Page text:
Recently, the Employees Provident Fund Organisation (EPFO) asked nearly 300 exempted private provident fund trusts to send their pending income tax exemption proposals by November. All these trusts had been exempted on a deemed' basis so far. And, these may get approval if, among other reasons, they have been regular with submission of provident fund money deducted from their employees' salaries.
Says a Bangalore-based regional provident fund commissioner (RPFC), "The companies which have been irregular with payments to the provident fund (PF) account in the Trust may not be allowed to continue with the exemption. Of course, this is not the only reason for discontinuing exemption. This is a good way to catch irregular companies."
The EPFO website has a list of the top 50 defaulters - Ramky Infrastructure, Hyderabad (Total default = Rs 39.15 crore between April 2009 and March 2011), HMT
Watches, Dehradun (Total default = Rs 30.3 crore between July 2004 and January 2008), Ahluwalia
Contracts India, Delhi (Total default = Rs 54.57 crore between September 2007 and March 2009) and Madhya Pradesh State Road Transport Corporation, which has various amounts pending at different EPF offices across the state.
Many companies which deduct contribution towards PF from their employees' salaries do not deposit this with their trust or with EPFO. These companies continue this for years at length, while most employees aren't aware of it. One day hell breaks loose when they find out there is no retirement corpus they thought they were accumulating.
EPFO says if a company is found to be non-compliant with its PF deposits, it will not only have to pay the dues but also pay an interest penalty on the same, depending on the number of days of delayed payment. If the delay if for less than two months, then the interest payable will be five per cent yearly above the amount payable for the number of days of delay in making payment. Similarly:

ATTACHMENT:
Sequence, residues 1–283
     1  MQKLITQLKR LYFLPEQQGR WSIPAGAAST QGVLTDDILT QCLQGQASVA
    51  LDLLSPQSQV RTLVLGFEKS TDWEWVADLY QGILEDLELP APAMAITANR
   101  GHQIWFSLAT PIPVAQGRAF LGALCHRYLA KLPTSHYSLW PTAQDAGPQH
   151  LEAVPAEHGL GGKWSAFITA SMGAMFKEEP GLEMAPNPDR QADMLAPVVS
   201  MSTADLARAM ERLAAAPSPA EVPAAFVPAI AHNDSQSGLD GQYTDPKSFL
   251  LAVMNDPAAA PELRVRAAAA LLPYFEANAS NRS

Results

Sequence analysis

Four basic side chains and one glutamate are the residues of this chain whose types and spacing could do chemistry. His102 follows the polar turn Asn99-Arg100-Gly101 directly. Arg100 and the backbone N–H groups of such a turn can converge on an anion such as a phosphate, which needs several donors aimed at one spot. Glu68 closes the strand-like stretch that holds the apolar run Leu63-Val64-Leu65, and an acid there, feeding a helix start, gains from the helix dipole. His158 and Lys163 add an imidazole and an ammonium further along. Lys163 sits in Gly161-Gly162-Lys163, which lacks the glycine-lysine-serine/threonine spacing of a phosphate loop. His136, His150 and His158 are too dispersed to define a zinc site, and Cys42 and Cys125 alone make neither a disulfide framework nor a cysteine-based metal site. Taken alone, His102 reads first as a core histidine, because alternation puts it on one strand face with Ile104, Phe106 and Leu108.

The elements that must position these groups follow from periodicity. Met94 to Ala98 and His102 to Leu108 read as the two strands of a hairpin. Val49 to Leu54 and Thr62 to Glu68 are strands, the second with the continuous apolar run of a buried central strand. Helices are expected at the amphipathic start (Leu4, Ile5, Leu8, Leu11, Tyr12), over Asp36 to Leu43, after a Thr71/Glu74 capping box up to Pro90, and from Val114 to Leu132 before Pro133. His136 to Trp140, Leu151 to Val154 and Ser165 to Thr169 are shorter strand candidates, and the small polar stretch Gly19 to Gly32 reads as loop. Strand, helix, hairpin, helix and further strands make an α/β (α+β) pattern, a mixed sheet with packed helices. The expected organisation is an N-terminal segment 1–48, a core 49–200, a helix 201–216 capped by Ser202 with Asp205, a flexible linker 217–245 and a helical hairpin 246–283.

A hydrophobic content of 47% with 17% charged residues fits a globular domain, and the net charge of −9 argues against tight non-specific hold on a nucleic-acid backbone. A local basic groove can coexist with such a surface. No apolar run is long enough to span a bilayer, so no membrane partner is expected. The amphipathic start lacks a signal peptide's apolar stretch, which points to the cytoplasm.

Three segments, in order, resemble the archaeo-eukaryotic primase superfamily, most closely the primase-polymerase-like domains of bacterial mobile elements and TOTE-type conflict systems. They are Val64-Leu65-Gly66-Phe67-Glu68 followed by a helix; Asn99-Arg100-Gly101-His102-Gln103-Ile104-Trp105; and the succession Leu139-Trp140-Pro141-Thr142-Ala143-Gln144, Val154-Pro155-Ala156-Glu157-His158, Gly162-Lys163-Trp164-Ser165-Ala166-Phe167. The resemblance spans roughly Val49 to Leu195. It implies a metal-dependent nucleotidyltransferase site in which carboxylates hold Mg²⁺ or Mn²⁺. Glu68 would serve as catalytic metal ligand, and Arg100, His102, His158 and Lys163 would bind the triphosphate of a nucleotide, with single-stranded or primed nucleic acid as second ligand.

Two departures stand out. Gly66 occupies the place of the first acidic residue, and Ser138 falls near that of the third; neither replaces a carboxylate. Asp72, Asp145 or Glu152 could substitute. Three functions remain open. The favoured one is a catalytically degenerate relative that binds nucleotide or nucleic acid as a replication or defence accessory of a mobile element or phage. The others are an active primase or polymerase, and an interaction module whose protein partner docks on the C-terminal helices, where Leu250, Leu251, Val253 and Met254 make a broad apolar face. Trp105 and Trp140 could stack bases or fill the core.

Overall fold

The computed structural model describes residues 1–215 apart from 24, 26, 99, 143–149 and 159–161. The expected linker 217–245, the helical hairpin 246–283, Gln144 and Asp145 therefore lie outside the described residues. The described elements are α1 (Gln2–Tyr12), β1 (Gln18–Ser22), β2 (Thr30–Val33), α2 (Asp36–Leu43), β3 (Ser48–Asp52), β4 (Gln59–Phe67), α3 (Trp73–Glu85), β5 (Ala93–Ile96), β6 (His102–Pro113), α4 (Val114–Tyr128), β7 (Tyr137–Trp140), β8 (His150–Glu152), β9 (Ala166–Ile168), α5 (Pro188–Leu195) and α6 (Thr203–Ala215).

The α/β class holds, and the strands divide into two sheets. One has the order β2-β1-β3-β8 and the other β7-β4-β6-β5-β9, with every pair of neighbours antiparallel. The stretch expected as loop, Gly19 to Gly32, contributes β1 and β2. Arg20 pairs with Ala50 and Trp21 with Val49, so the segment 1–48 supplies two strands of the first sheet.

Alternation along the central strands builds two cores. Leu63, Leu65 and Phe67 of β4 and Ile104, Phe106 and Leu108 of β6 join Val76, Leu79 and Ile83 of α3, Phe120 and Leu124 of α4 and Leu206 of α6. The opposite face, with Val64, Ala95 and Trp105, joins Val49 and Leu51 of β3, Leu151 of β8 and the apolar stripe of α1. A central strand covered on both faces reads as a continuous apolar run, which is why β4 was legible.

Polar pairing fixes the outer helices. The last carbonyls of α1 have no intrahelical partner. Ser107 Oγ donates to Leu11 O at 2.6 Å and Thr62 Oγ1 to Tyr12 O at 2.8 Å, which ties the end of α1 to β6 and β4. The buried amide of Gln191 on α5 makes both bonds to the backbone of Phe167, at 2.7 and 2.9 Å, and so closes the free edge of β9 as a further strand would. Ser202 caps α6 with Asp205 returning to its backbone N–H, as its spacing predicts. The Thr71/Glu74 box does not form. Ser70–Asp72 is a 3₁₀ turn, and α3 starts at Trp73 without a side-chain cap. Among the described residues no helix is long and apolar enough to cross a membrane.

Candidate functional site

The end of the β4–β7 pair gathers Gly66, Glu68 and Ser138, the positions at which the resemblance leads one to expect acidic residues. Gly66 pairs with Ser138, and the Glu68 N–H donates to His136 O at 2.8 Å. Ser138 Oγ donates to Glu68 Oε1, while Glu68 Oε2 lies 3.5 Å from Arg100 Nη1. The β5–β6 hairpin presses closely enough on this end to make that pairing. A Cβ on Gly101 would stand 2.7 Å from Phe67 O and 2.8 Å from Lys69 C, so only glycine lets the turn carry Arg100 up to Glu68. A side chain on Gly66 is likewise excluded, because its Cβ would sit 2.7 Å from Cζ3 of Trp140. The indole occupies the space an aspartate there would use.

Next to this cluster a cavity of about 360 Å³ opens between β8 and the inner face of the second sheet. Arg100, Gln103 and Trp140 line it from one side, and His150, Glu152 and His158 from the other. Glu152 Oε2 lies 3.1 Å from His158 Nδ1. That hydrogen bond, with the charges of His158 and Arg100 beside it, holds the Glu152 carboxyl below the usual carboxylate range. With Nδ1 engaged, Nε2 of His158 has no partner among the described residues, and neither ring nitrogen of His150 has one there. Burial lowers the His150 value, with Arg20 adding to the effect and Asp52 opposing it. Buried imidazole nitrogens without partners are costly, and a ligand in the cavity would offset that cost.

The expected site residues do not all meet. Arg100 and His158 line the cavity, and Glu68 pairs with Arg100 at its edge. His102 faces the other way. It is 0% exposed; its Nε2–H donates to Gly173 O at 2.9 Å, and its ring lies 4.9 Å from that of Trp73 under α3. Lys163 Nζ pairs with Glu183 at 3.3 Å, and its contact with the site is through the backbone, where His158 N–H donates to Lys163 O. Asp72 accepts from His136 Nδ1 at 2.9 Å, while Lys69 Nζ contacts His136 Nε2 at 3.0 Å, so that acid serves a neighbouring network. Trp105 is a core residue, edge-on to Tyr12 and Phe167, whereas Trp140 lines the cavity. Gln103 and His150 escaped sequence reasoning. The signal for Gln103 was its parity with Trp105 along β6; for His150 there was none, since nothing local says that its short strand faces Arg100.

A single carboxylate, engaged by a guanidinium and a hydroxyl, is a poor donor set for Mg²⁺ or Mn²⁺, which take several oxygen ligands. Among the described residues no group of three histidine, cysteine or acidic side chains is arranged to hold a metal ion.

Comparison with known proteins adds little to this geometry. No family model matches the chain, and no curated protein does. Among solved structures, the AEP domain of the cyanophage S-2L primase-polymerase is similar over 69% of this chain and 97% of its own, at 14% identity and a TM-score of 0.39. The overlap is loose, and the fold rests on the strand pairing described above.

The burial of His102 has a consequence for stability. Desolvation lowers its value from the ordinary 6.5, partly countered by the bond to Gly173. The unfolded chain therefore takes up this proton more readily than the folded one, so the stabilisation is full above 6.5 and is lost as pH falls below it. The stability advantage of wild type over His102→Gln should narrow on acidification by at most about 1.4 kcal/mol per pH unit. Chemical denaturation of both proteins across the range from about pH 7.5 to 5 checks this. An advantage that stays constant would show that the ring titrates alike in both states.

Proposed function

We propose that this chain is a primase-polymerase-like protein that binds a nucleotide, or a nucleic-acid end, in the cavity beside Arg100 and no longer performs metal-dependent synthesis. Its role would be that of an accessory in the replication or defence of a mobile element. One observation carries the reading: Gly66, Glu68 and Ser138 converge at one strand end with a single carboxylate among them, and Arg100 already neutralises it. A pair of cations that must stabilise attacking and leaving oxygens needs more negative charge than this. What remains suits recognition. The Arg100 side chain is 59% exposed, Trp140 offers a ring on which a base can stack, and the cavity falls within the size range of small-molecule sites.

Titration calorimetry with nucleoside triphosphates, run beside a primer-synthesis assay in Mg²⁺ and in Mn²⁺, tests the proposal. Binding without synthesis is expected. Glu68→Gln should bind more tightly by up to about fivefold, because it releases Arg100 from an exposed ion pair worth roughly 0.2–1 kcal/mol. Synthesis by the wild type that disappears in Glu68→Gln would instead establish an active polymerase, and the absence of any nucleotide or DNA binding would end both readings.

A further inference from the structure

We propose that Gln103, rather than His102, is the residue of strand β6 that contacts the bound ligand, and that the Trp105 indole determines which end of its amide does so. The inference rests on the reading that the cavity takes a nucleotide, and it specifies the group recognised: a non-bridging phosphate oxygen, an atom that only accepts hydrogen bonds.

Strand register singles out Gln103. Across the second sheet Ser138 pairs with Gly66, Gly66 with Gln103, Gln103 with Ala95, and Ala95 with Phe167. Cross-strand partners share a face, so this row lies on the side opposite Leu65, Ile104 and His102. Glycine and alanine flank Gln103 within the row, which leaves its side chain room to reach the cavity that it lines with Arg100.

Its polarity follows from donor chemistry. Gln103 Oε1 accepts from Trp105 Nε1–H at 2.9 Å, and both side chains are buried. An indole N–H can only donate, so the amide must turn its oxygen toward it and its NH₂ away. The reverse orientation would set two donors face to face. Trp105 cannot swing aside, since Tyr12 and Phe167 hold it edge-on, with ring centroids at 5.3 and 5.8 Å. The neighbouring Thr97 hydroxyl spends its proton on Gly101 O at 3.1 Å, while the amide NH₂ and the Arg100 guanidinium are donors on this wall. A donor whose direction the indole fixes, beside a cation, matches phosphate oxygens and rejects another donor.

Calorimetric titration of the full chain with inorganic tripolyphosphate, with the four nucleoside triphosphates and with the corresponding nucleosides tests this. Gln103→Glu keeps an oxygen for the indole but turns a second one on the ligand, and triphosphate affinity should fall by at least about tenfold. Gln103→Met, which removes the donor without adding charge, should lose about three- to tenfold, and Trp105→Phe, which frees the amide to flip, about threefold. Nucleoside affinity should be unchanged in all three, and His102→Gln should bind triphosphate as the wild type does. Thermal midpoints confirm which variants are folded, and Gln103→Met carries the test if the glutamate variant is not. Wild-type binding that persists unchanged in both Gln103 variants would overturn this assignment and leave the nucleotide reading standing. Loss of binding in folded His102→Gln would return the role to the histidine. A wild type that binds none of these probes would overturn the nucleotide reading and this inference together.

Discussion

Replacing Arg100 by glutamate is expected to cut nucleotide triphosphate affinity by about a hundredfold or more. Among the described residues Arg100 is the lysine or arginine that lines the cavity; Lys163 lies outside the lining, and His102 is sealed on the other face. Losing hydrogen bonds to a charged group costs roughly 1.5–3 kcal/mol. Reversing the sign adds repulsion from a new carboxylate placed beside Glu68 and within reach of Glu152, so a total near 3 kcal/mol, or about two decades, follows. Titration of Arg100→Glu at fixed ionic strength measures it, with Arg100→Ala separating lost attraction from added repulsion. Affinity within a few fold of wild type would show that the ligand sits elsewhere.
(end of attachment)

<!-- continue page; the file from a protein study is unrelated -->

- If two months and above but less than four months = 10 per cent a year
- If four months and above but less than six months = 15 per cent a year
- If six months and above = 25 per cent a year
If you still find your employer has not deposited the deducted PF with the trust or EPF, you can file a complaint with either RPFC or a criminal case against your employer with the police or complain to the chief vigilance officer appointed by the labour ministry. You need to produce a copy of your salary slip to show the deduction, which does not reflect in the account balance. "Most employees do not know these ways of dealing with a defaulting employer. They don't even know their account balance. Hence they don't know if to put in the time to fight for it. At the same time, these redressal processes take their own time and don't guarantee recovery all the time," says an RPFC.
To know if your employer is depositing your EPF contribution you can ask for a copy of Form 12, which gives the details of money deducted from an employee's salary. Employers need to send this form to EPFO towards the end of each month. "But, employers may decline to furnish Form 12 to employees," says the RPFC. You could also file a Right to Information application to the regional EPFO. You need to mention your EPF account number and your employer code.